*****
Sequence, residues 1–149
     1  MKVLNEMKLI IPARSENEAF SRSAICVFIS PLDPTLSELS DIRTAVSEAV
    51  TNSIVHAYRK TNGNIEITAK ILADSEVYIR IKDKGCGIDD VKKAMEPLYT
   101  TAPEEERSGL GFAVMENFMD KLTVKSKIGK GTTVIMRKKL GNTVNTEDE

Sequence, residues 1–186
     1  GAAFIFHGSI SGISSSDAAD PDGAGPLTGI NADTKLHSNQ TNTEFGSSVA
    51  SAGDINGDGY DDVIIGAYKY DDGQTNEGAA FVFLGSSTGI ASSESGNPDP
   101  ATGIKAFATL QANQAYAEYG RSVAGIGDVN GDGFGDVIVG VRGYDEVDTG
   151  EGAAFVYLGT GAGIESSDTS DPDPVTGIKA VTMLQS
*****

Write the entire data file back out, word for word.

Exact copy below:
Sequence, residues 1–149
     1  MKVLNEMKLI IPARSENEAF SRSAICVFIS PLDPTLSELS DIRTAVSEAV
    51  TNSIVHAYRK TNGNIEITAK ILADSEVYIR IKDKGCGIDD VKKAMEPLYT
   101  TAPEEERSGL GFAVMENFMD KLTVKSKIGK GTTVIMRKKL GNTVNTEDE

Sequence, residues 1–186
     1  GAAFIFHGSI SGISSSDAAD PDGAGPLTGI NADTKLHSNQ TNTEFGSSVA
    51  SAGDINGDGY DDVIIGAYKY DDGQTNEGAA FVFLGSSTGI ASSESGNPDP
   101  ATGIKAFATL QANQAYAEYG RSVAGIGDVN GDGFGDVIVG VRGYDEVDTG
   151  EGAAFVYLGT GAGIESSDTS DPDPVTGIKA VTMLQS